It was as though the writing was only visible to the elf. Of course, she knew that none of them would be able to read the Elven tongue (she herself barely could), but it seemed, at that time, that not evenMainecould see the writing on the page. If Aliryia hadn’t been so distracted, she might have noticedMaine’s awkwardness to reveal the book’s message; but, unfortunately, the elf had more pressing matters.
Her head rang and seemed to burn with some metaphysical fire. Aliryia glided off her usual path to the nearby bathroom. She wandered over to the plain glass mirror above one of the white porcelain sinks, despising the youthful, tired face she saw before her. As the fire in Aliryia’s mind increased, she placed her forehead onto the cold mirror, slowly sliding it down onto the even cooler sink.
After a minute of holding herself there, Aliryia raised her head and twisted the cap of the cold tap, letting the icy water rush through her fingers, before she splashed it upon her face. The liquid tingled as it ran over the slice on the edge of her palm, painless, yet something odd, a sensory experience that should never have been.
She looked back up at the dreary reflection in the mirror: limp hair, curls in need of a clean, a complicated complexion, and wearied eyes from the lack of a good night’s sleep. It was then that the young elf knew.
She saw, in the madness of her mind, what was wrong. It might not have been that which the wind had been warning her of, but there was something that she had overlooked. She had fallen prey to the illness. When and whether she would recover was relative, but the signs were clear, it seemed. First it started with impaired, or unusual, judgement, then a lack of bodily healing, and the final sign was a mind full of impossible images, which Aliryia had discovered in the form of the book.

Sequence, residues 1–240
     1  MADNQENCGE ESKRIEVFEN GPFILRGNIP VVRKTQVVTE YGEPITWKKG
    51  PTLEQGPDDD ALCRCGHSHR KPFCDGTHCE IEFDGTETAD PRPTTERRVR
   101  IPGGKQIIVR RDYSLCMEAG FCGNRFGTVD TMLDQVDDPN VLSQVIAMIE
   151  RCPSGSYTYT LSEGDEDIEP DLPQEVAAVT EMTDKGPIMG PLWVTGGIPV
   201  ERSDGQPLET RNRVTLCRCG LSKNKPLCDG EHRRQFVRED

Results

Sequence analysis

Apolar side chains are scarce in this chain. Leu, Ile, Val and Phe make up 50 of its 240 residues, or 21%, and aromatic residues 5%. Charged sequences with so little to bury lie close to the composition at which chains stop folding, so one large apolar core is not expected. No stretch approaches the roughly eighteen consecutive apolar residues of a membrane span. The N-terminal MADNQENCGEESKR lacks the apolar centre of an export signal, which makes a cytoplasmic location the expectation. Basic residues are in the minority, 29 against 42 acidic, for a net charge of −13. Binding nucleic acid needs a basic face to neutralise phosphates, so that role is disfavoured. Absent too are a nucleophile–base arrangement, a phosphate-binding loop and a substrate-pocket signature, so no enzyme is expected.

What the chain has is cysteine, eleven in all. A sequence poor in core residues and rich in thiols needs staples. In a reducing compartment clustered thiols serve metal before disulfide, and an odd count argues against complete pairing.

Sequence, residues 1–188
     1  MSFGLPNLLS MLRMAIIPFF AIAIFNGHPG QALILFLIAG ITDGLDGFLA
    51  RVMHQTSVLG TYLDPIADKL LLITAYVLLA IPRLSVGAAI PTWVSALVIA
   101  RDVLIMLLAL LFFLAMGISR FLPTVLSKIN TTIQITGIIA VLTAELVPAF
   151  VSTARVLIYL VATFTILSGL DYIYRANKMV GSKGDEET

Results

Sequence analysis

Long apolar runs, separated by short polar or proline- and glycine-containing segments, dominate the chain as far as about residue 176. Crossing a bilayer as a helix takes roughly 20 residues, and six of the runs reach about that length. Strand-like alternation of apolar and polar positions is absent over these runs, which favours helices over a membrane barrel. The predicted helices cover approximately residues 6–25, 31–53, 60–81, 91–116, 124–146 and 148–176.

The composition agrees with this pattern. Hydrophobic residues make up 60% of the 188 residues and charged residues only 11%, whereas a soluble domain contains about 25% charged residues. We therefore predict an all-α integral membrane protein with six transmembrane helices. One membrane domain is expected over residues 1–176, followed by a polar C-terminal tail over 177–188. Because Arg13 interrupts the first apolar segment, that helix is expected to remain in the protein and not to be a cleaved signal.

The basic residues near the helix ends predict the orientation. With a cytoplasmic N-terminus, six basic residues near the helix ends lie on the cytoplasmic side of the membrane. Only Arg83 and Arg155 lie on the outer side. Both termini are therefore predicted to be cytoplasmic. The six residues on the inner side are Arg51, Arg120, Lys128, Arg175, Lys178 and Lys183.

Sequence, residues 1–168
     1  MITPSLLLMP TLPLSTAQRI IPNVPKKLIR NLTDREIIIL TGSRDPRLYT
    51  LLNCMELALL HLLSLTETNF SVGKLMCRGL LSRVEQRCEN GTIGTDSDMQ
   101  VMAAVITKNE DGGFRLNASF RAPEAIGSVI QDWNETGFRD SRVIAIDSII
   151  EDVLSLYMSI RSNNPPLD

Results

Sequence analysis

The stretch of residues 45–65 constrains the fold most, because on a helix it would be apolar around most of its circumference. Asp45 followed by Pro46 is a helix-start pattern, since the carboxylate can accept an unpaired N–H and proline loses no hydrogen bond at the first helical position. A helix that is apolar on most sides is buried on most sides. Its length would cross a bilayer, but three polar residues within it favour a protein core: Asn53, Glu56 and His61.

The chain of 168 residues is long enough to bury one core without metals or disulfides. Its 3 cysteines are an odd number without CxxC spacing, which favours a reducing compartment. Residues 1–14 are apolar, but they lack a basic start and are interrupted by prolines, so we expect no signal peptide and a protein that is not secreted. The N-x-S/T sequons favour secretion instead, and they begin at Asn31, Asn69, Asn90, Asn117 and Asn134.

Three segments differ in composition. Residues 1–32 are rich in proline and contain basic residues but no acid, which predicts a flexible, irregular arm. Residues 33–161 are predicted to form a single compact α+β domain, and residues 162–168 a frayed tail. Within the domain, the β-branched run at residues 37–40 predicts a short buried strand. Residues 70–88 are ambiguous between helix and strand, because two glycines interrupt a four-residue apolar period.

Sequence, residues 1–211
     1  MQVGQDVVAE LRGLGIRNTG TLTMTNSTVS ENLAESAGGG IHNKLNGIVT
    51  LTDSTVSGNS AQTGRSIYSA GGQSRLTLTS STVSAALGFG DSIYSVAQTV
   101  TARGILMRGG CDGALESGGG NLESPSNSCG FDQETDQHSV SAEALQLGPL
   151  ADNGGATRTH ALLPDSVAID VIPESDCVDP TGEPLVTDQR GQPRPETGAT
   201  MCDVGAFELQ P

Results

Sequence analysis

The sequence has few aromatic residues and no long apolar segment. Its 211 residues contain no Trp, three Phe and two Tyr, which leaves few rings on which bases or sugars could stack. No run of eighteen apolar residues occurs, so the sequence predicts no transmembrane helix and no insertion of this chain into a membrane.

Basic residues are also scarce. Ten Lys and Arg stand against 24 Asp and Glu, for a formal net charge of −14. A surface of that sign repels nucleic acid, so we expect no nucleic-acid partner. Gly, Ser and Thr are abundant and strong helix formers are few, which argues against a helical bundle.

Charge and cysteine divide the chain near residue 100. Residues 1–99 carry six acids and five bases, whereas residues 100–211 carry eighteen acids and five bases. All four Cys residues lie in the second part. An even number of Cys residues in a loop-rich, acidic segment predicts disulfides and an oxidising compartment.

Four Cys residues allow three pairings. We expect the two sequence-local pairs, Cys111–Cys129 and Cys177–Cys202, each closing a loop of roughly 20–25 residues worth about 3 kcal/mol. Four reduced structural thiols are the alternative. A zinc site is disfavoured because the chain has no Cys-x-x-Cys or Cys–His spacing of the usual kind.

Aliryia closed her eyes to take away the vision of her misshapen face, but took a hand up to feel the skin of her cheek. It was slightly warmer than expected, as though the pulse burning in her head was actually running through her bloodstream, attacking cells as a human virus would. The illness wasn’t a virus or a bacterium as such, but some elves called it a state of being, a way of life that other elves fell into; though yet more called it a natural progression in life that all elves went through, even young infants, but most recovered. ‘Madness’ her mother had once said.
That memories tinged with the knowledge caused a silvery droplet to roll down Aliryia’s cheek. She opened her eyes and furiously brushed it away. What could she do? Aliryia knew not of any medicines, nor would she interrupt anymore with the course of nature. If only there was someone with whom she could share this knowledge…
However, aside from the wonders of dreaming, there was not much more that she could do.
Tiptoeing out of the bathroom carefully, she snuck back to her bedroom, aware that Elorrie was still not around. Time had passed, but Aliryia was not at all certain whether it had been enough for dinner and dessert to be finished by now.
Amongst the violet room she stood, gazing around at the place she called home. The window was still ajar, and the cooling heat of a summer evening crept in from the expanse of garden. Aliryia crossed the space in two strides, her dress flapping about her ankles, and pushed open the remainder of the window, looking out into the coming night, piercing white stars starting to fade into existence.
She yawned, lifting one of her little hands up to gracefully cover the gape of her mouth, and then she withdrew from the window, moving slowly, without purpose, and as if she were a ghost, to her bed, robed in purple too.
Without undressing, she lay herself down upon the top quilt, tilted her body to the wall, and placed her hands under her head, thinking. It was that way for Aliryia, her mind was always thinking…
It was safe to say that she’d never try and sneak out under the cover of her invisibility again. This was all punishment for stealing the dress, she assumed. And there it was…something was eating away inside her. Was it worry? Guilt, perhaps? Would she have to tell someone her crime? Aliryia did not want to do anything like that.
Aliryia sighed. Maybe, at this time of night, her imagination was just playing tricks on her. Maybe it would all be better when she awoke.